Iím pursuing a bachelorís degree in mechanical engineering. Computers play a very large role in this field, and I believe that taking CIS courses as well as staying up to date with computer technology is a must for me.
Since high school, where I have taken over three years of computer aided drafting (CAD), computers played a very important role in our education. I am also pursuing a Microsoft Certified Software Engineerís certificate, incase mechanical engineering does not work out for me. Either way, I feel that staying up to date with the latest technology and software will greatly benefit my careerís future.
Mechanical engineers, weather in the car industry, tool industry or even areo technology use many different programs, which happen to be mostly compatible with IBM/PC based systems. One of the better programs is AutoCAD r.14. This program started as AutoCAD r.10, and slowly evolved into r.14, I have used every version beginning with r.10 in high school, and recently acquiring r.14 from an engineer friend. Through the evolvement, the program required a bigger and more powerful machine. R.10 required a 386 DX (math coprocessor) at least 20MHZ and 4MB of Ram. R.14 requires a Pentium 200, a windows 95/98 OS, 64 MB Ram, and a premium video card with at least 4 MB of Ram on it. Luckily, I have easily met, if not beat these minimum requirement, which means that the program runs very quickly and rendering polygons is a snap.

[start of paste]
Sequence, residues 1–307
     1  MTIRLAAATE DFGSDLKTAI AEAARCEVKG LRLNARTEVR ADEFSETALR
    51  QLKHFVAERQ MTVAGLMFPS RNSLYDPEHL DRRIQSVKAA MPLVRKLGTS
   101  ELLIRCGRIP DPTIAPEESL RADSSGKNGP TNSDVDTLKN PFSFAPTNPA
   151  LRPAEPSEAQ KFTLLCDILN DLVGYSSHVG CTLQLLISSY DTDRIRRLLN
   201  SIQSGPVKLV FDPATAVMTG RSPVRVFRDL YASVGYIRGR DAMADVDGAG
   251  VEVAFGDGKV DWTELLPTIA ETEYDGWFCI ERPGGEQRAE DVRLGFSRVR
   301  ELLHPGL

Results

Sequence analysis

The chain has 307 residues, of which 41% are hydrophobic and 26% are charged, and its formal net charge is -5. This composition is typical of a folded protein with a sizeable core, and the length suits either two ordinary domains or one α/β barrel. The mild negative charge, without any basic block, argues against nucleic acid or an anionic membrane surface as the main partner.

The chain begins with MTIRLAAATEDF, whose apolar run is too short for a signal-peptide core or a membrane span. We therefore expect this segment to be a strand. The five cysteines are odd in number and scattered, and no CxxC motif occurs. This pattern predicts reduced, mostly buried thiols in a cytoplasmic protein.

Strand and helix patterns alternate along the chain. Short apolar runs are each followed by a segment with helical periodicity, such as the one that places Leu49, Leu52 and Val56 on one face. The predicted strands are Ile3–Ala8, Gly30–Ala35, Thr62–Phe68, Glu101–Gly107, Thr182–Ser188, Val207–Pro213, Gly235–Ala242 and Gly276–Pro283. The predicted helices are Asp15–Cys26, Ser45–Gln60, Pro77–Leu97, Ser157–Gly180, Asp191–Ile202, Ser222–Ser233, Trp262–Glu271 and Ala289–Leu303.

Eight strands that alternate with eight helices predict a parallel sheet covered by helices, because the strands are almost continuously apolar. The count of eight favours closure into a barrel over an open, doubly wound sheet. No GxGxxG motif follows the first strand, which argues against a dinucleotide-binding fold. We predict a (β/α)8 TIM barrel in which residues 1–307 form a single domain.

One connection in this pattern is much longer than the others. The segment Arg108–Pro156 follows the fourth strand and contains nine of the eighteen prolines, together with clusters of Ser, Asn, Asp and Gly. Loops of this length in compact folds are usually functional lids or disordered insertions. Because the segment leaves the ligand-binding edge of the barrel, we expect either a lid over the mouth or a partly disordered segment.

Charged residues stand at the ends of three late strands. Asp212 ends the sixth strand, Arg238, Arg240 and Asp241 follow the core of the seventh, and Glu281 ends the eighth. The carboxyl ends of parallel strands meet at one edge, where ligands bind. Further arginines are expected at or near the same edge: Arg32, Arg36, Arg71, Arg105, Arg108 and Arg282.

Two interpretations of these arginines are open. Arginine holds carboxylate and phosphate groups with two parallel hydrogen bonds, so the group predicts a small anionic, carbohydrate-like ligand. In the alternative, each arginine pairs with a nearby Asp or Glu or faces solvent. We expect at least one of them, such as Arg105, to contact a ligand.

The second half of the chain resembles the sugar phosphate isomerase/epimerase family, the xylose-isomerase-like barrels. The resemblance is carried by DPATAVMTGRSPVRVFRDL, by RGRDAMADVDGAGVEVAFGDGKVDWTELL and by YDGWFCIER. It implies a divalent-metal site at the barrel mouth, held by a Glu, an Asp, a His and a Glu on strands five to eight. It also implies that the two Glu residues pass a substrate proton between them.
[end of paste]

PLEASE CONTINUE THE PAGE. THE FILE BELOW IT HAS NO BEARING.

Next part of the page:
Other programs include CAD Key v95 and Easy CAD, but AutoCAD is the most popular, since it offers a great deal of resources from one program.
Furthermore, most engineering shops utilize more than one computer, usually a chain of stations connected to a server via LAN. This not only allows other employees to collaborate on the same projects, but also allows the management to be on top of everything thatís going on with a simple click of the mouse. Sharing hardware resources is also an added advantage, meaning that printers, plotters, scanners and industrial equipment could also be accessed with a simple combination of commands. Communications within the LAN and even other WANS also become easy and increase productivity, utilizing the Internet to correspond with clients, managers and other offices located all over the world.
This is where my MCSE ties in. I want to offer my employer a wide area of knowledge, and even work as both a mechanical and network engineer. I believe that if I keep up as I have for the last seven years in both field I will have no problem finding work and also be eligible for bigger salary brackets and quicker promotions, making my goal of retiring rich a little easier to accomplish.
Sticking to this career plan is going to require a lot of money, since MCSE training is on the expensive side, as well as keeping up with computer technology, which costs about $1,000.00 for the basics, and several hundred dollars for little things like video cards, sound cards, printers, and other components which eventually need to be replaced. I do think that all of this will pay of in the long run. Right now Iím in the investment phase, and I see myself collecting from these investment in the next two to three years.